Next, choose a category under each blog post element to generate a story angle.

To refine your initial topic, make a selection under all three categories to generate additional story angles. (Note: You may have multiple choices under each blog post category -- for example, you can have both slides and text in a blog post.) You choose your target audience (executives at prospect or customer companies), the story structure of your post (a list), and the medium to use (slides and text).

You've now framed a broad topic like social media etiquette into a tangible story angle: a slideshow with text detailing a list of social media etiquette best practices for CEOs. You may have even learned recently -- say, in this previous HubSpot post ;-) -- that odd numbers created more effective lists, so your first title becomes, "11 Social Media Etiquette Tips for CEOs."

Boom! Story angle #1. But you’re not done yet …

Then, pivot the headline ever so slightly to generate additional story angles.

So now you have one angle -- but you’ve got way more of those up your sleeves. For even more, simply change some of the elements of that headline. Rather than all of social, perhaps you talk about Twitter specifically. Instead of listing best practices, maybe you list common mistakes or a handful of CEOs who serve as exemplary social media marketers. Now you have four story angles from one post format -- a list post in the form of slides, aimed toward executives. This is definitely more nuanced than the first two steps, but this is where you'll get the majority of your new stories.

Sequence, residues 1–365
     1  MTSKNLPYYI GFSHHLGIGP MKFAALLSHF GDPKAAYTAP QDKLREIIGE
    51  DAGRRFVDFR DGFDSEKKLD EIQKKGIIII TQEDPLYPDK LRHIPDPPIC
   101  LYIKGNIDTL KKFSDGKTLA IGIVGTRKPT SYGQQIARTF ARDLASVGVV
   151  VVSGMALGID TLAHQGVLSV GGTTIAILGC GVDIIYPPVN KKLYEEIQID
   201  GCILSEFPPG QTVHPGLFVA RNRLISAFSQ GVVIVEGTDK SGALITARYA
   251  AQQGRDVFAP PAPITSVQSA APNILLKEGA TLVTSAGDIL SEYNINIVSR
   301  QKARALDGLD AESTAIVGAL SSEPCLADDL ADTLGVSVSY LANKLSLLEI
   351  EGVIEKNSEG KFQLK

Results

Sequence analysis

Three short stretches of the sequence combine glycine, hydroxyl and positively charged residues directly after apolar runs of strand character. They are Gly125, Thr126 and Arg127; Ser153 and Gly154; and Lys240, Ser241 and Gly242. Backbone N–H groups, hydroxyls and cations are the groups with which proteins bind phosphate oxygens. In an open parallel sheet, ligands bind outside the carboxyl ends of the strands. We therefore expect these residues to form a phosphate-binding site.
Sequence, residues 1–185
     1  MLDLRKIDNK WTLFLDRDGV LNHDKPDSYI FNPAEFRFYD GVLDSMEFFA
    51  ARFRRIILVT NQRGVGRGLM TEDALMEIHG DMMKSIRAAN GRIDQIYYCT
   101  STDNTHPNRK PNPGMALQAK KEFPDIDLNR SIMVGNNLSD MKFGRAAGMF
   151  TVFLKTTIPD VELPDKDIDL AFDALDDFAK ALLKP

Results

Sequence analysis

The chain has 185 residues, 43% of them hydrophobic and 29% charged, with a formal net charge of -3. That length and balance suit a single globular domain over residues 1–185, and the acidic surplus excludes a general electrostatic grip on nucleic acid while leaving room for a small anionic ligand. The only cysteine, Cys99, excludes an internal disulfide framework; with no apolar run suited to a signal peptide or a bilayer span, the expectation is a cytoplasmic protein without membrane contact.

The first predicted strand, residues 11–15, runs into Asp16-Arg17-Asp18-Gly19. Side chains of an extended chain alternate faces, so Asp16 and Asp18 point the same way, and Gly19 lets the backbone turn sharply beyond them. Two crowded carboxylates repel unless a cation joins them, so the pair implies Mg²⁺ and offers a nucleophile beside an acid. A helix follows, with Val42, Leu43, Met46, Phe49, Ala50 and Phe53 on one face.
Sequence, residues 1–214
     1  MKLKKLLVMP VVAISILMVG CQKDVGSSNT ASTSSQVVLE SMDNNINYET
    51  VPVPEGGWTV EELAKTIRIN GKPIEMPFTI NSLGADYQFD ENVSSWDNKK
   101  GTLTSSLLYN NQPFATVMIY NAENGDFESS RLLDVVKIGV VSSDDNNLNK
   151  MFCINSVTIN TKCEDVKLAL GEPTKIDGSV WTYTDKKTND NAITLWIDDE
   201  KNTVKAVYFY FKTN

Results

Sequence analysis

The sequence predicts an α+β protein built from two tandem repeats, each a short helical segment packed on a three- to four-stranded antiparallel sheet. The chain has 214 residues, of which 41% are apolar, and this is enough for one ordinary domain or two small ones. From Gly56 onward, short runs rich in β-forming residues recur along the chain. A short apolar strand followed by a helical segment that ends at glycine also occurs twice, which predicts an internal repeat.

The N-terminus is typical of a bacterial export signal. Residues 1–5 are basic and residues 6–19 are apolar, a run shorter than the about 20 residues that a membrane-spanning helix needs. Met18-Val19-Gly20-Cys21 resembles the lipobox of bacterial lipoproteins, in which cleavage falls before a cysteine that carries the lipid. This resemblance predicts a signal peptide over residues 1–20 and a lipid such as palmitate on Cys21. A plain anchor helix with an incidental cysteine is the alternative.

Need more ideas? Choose other categories in each blog post element.

Let's say you choose Beginner-Q&A-Text Article. Your next blog post might be a transcript of an interview you did with a social media manager inside your company about the basic etiquette tips any marketer should follow on social.

Or maybe you choose Beginner-Curated-Text Article. This could easily become a link roundup of the best resources to learn about social media etiquette that you find from around the web. (Just be sure you curate and cite content properly.)

From there, you can simply save all these great blog post ideas into your blogging pipeline or editorial calendar and return to them the next time you're ready to write.

The more you routinely use this idea generator, the less you'll need to rely on the graphic. Your mind will automatically start with this notion of taking many angles on one idea, and it will start to feel much more natural to generate ideas for your content.

Before long, you won’t need to wait for The Muse to drop by -- you’ll already have a million great ideas under your belt.

What tips do you have for coming up with awesome blog post ideas? Share your tricks with us in the comments.

Image credit: qisur

how to make a marketing content machine ebook

Originally published Jun 18, 2013 12:30:00 PM, updated February 01 2017